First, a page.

Trustees oversee policies at the college

By Yohannes Girma ( Girma is a reporting correspondent for the Campus Ledger. This is his fourth semester at the college. He enjoys writing on his free time and hang out with friends. He also loves soccer.

The seven trustees at the college hold the responsibility of making sure the college is running at the highest of standards. The trustees ensure that all policies are upheld to what is promised to the taxpayers and Johnson County residents. Photo by Mena Haas.

Occasionally, seven TV screens scattered across the college, notifying about a board of trustees meeting coming upIf you blink, you might miss it. Seeing such an advertisement may lead students to wonder: What exactly is the board of trustees and what role do they play for the college? 

The board of trustees is the board that provides oversight to the work the college does. Each member holds an elected position that is completely voluntary.  Trustees are elected by the voters of Johnson County and each term lasts four years. 

“We are here to represent the people to make sure the tax dollars are spent responsibly and to make sure the incentives the taxpayers and residents have set for the college are held through,” Angeliina Lawson, member of the board of trustees, said. “We also support and evaluate the president. We only have one employee and that is the president. So, what he puts forward and his interpretation of our policy are his domain. We are responsible for making sure policy is upheld. And if there is any misinterpretation of something we can call the president and ask for an update or ask why it went a certain way.”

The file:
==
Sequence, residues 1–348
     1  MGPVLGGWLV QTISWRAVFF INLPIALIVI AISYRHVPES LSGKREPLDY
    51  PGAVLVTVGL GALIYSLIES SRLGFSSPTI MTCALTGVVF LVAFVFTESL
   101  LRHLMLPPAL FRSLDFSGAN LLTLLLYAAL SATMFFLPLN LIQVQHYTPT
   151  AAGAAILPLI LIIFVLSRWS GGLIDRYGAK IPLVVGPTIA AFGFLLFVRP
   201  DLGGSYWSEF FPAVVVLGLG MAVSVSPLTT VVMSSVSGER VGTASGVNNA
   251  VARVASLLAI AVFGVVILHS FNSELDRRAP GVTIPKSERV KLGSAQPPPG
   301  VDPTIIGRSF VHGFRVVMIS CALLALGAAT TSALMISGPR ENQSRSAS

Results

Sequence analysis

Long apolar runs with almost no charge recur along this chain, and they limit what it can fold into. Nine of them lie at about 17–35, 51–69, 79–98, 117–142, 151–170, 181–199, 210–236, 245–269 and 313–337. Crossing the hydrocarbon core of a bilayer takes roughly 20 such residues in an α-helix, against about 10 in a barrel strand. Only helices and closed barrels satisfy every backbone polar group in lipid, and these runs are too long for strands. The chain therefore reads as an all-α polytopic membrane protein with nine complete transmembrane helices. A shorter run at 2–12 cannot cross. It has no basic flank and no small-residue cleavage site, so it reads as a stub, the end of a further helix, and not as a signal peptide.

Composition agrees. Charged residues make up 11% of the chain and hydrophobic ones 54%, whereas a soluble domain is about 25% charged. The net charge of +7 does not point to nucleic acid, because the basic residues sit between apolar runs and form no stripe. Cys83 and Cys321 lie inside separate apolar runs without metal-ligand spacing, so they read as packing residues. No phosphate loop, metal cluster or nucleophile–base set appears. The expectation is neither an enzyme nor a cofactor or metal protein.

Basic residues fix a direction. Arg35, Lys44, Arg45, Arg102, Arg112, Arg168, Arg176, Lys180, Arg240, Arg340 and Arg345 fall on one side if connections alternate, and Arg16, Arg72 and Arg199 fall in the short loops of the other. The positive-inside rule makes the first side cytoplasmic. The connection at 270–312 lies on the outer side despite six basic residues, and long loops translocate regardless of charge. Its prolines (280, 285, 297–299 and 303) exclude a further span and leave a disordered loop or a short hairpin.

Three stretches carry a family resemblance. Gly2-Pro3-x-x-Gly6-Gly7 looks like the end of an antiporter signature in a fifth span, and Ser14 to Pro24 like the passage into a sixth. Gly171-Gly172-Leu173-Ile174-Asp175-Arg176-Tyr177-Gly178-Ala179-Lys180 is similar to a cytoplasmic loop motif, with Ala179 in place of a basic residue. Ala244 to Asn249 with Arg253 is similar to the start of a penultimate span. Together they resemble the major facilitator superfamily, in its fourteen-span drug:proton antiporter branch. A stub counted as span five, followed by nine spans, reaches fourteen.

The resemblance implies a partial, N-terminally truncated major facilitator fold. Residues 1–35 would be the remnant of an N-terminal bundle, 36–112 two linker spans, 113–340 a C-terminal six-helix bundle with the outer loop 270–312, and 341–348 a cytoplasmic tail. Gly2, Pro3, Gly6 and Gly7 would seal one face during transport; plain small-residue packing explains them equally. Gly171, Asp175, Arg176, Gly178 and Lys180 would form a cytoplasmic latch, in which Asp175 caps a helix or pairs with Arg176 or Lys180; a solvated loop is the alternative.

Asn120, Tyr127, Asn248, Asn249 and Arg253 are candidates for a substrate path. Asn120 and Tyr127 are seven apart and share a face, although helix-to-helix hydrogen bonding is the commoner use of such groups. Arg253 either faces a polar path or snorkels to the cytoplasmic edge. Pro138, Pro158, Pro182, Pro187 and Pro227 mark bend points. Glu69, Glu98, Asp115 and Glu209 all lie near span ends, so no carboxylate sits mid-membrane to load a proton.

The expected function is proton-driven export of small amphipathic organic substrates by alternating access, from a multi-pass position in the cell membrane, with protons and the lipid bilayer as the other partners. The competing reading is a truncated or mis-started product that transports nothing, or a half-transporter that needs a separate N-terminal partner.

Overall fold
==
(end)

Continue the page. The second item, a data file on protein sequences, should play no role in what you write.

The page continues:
A way they work to make sure policy is upheld is by discussing, asking questions and ultimately voting for the policy in a general assembly meeting. 

“The president runs all the burden, he runs the entire ship,” Lawson said. “It’s his operation, we show up, ask questions, read our packets and make sure what the college is presenting us makes sense. A lot of it comes down to asking questions. I’m not supposed to be an expert on anything, the responsibilities just require you to use common sense.” 

Most plans presented at the board meeting are supported by the community and people of the college like the Master Plan Facility. Master Plan Facility is a project indicted to renovate by building new facilities for the college. It is responsible for the Fine Arts and Design Studios, Career and Technical Education Centerrenovating the Student Center and more. On the other hand, there might also be some polices everyone might not agree on like vote to increase tuition by $1 in 2019. 

“That’s the benefit of having seven members. We might all agree, or we might not. If we don’t, we can respectfully discuss and share our ideas,” Nancy Ingram, secretary of the board of trustees, said. 

One important accomplishment both Lawson and Ingram feel proud of is appointing Dr. Bowne as president.

“The most important thing we did in the past year is to hire Dr. Bowne,” Ingram said. For me, making sure we have the right leader is really the most important thing we do,”  

“The biggest accomplishment we have is to hire a president who has a deep passion for diversity, equity and inclusion [DEI],” Lawson said. “I have seen go through just an enormous intense year with COVID. It was something none of us could have ever expected and yet to see everybody around him, his VP cabinet, the faculty, the staff, and the Board of Trustees really embracing what diversity, equity, inclusion and belonging feels like, what it means and being able to act on that.”